Summary:  Some presidents have faced personal challenges, some have faced national challenges, and some, as the author describes on the first page, have faced both.  She then goes on to a light-hearted introduction to Franklin Roosevelt, and how he aspired to be like his famous cousin Theodore.  He got off to a good start—young Franklin was rich, smart, and determined.  He soon was making a name for himself in the New York legislature and as Assistant Secretary of the Navy.  But shortly after his 39th birthday, he was struck with polio and paralyzed from the waist down.  Although he never recovered use of his legs, he learned to stand with braces and went on to become NY governor, then President of the United States.  And there he was faced with a national challenge, the Great Depression.  Using the same determination that helped him overcome polio, he worked hard to improve Americans’ lives.  The book ends with Roosevelt’s second term inauguration.  An author’s note gives more information about Roosevelt’s life and some of the programs he started during the Great Depression.  32 pages; ages 6-10.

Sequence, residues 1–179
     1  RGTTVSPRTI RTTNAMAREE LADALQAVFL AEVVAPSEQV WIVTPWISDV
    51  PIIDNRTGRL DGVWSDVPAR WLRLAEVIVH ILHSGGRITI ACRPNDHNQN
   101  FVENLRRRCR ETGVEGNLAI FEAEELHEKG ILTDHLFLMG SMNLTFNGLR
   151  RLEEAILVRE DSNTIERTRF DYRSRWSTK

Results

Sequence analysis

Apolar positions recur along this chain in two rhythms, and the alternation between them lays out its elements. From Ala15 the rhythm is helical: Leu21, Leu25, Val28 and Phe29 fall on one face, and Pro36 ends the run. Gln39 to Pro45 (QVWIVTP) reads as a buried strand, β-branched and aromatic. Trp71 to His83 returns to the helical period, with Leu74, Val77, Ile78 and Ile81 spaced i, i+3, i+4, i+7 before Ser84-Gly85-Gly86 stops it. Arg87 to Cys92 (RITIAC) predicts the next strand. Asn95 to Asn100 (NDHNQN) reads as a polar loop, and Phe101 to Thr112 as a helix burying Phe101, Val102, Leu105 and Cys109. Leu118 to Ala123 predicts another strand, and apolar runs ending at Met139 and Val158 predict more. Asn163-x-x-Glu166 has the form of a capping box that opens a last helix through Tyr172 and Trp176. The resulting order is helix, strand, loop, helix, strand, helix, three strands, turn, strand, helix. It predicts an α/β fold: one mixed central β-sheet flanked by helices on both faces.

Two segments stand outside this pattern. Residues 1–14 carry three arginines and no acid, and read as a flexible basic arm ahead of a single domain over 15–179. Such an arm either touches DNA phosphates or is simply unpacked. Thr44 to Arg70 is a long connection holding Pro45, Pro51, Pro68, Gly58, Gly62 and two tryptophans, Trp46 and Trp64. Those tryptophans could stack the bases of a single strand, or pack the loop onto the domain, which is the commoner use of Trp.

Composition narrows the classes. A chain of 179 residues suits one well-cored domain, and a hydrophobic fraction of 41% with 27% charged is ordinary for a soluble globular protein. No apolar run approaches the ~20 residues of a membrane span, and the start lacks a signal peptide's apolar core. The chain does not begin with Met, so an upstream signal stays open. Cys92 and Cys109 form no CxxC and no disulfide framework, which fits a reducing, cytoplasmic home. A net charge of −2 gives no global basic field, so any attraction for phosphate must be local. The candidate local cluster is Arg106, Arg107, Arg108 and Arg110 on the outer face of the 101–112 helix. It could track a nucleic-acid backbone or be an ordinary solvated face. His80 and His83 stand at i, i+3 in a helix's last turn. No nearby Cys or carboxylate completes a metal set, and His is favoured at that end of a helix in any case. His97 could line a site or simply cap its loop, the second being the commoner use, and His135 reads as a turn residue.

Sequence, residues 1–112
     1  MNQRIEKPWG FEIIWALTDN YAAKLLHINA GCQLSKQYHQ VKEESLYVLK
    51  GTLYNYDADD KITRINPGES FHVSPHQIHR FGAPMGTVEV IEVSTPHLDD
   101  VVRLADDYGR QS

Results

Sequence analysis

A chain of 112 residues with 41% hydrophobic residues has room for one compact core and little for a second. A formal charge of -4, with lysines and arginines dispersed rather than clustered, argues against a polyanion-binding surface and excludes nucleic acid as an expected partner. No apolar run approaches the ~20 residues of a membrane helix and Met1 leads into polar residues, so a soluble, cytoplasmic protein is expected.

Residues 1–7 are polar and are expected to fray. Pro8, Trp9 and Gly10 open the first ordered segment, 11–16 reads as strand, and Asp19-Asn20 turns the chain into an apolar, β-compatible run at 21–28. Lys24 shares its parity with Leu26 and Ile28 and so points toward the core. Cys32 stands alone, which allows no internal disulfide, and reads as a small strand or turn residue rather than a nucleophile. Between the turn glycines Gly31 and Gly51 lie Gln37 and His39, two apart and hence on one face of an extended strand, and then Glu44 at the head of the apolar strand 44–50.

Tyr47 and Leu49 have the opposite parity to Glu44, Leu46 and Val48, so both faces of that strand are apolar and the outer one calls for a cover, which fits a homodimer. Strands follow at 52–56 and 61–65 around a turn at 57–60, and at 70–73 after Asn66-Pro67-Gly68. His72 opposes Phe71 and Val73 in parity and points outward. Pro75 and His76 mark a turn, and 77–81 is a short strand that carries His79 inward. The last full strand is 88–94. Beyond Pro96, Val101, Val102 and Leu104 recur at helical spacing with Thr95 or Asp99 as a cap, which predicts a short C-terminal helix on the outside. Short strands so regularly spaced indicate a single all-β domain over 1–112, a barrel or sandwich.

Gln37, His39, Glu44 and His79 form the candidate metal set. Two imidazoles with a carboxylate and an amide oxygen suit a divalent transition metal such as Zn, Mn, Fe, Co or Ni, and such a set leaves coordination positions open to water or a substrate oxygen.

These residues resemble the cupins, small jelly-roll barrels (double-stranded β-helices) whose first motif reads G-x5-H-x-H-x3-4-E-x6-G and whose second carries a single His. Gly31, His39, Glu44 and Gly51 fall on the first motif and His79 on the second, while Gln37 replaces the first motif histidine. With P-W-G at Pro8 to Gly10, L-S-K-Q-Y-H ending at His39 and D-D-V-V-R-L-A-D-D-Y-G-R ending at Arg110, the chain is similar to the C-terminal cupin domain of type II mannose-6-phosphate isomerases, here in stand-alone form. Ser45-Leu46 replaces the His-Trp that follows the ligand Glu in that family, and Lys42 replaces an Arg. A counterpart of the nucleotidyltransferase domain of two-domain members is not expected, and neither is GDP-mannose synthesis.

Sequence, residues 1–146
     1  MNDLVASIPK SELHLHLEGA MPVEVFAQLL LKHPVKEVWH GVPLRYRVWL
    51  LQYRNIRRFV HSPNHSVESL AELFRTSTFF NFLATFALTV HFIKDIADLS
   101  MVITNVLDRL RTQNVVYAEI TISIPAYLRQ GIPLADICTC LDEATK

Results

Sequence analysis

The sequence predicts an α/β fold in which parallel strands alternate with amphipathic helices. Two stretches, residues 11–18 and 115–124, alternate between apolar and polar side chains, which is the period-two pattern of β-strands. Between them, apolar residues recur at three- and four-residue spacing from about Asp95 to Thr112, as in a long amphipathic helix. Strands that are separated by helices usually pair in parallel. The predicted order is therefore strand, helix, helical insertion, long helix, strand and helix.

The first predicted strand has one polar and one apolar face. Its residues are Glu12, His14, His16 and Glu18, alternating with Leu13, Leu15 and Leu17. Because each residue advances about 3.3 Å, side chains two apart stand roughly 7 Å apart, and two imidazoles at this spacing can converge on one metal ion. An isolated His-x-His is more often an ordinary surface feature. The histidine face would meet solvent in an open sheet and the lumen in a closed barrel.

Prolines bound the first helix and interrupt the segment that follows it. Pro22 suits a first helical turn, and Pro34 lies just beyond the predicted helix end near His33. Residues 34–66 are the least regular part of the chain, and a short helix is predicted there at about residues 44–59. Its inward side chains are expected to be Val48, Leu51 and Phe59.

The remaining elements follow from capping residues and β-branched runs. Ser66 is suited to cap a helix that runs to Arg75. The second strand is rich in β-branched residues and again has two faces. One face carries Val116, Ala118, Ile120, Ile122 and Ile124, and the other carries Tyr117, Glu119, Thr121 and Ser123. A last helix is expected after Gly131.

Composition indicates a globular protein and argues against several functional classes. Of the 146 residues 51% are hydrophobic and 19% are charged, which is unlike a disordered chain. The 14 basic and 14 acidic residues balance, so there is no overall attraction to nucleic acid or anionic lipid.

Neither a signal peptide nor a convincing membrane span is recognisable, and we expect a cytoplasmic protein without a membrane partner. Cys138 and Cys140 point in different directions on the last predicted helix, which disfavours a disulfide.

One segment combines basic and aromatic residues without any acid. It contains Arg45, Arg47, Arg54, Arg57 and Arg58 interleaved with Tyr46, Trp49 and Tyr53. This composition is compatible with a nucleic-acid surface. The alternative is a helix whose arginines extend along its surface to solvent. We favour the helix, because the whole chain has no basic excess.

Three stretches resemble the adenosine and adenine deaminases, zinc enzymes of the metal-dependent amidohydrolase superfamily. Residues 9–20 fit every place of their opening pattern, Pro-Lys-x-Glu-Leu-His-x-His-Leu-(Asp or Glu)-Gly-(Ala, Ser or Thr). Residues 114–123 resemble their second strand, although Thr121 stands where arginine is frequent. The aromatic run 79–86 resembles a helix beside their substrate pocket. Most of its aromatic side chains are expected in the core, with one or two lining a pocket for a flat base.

Pros: This is the third book of U.S. history by this author-illustrator team (George Did It and The Worst of Friends are their other two).  Although the subject matter is serious, both the text and the illustrations are upbeat and humorous.  While Franklin Roosevelt comes off in a positive light, there is some balance in describing why some Americans didn’t like him as President.

Cons:  The book begins when Roosevelt is a young man and ends in early 1937, so this is not a complete biography.

Miss Moon: Wise Words from a Dog Governess by Janet Hill

Published by Tundra Books